• the defendant's 50 years of operation with no previous incidents warranted a discount of 10 per cent;
  • the company's good character as a good corporate citizen and major charitable contributor to its community required recognition with a 5 per cent discount;
  • the genuine remorse and immediate reparation paid was considered "exemplary and a model for others", and a 15 per cent discount was applied for those factors;
  • the company's co-operation in every way required in the investigation was worth a discount of 5 per cent; and
  • the remedial steps taken, which should be considered "within context of what can be properly and realistically achieved by a responsible employer" were worthy of a further five percent discount.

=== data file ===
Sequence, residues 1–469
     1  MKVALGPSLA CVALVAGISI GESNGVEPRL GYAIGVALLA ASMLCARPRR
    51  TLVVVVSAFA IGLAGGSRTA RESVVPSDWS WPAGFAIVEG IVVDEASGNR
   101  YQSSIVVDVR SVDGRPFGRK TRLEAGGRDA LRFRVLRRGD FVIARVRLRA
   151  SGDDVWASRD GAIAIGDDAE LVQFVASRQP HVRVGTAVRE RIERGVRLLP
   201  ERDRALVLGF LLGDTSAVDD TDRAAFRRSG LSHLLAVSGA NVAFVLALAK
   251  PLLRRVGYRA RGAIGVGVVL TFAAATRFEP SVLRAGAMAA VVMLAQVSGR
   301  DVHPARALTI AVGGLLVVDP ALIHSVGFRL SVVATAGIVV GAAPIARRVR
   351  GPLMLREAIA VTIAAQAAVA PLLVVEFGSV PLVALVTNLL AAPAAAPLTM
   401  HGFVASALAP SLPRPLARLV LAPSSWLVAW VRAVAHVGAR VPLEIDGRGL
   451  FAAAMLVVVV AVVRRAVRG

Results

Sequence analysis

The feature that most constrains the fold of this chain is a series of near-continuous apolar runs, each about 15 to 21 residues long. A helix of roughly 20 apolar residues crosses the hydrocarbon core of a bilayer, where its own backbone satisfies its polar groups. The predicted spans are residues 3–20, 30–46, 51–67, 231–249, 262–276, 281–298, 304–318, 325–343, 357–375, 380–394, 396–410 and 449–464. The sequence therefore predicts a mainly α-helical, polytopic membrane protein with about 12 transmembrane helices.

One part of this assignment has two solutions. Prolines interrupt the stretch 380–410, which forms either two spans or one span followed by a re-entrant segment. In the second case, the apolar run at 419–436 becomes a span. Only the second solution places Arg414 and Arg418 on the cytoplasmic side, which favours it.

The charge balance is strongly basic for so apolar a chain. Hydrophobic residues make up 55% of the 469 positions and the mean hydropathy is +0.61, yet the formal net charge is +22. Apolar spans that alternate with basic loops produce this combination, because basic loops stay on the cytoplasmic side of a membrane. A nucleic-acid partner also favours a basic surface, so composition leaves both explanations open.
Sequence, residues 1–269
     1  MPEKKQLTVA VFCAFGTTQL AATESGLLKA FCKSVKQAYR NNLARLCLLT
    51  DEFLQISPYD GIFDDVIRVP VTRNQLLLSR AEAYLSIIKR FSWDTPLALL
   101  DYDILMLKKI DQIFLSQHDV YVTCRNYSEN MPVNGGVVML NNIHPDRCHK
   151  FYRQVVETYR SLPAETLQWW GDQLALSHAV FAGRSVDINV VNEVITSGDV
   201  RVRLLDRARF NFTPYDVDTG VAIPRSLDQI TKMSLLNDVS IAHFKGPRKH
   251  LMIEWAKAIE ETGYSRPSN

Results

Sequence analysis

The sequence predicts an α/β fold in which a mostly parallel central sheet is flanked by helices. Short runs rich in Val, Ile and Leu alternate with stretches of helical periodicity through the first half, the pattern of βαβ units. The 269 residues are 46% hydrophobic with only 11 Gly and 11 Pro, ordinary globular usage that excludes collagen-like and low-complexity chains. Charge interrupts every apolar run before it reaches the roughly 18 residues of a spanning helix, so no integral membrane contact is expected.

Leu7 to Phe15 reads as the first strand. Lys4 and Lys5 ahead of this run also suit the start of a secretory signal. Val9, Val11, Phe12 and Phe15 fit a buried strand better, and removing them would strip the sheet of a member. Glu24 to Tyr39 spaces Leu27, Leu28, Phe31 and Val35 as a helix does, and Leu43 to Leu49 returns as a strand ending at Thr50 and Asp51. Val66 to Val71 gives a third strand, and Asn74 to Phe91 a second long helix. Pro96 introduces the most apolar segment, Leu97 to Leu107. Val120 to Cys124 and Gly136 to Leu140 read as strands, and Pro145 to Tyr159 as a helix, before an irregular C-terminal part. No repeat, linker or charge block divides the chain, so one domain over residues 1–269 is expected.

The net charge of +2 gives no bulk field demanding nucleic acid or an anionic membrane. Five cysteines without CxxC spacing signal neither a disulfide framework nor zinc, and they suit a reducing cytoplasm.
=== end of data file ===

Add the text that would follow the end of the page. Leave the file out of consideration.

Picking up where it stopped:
These cases have clearly shown that substantial discounts for mitigating factors can still be obtained in appropriate circumstances. As this will often involve actions taken in the immediate aftermath of an incident, advice on the steps that could and should be taken should be obtained as soon as possible.

Reparation awards

The other aspect of health and safety sentencing is the reparation awarded to the victims of the incidents. The High Court recently considered the appeal of the District Court's reparation award in Oceana Gold. In that case, actuarial reports had been obtained to determine the future earnings that could have been expected from the victim, had the incident not occurred. The High Court decided that this approach was too wide, saying: